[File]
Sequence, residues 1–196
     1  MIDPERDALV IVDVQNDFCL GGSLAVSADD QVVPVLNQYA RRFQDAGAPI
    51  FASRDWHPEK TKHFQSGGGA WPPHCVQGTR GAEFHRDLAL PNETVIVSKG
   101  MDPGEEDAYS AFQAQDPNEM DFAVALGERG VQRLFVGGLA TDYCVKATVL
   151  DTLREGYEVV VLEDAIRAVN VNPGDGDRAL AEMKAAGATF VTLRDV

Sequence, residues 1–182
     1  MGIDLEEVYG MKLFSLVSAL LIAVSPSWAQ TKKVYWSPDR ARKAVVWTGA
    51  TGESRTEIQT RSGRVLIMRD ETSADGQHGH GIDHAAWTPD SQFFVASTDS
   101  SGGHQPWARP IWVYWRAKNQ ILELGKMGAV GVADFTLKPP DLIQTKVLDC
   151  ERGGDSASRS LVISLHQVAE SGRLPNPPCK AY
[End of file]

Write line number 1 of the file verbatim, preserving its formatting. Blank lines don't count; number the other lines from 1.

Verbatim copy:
Sequence, residues 1–196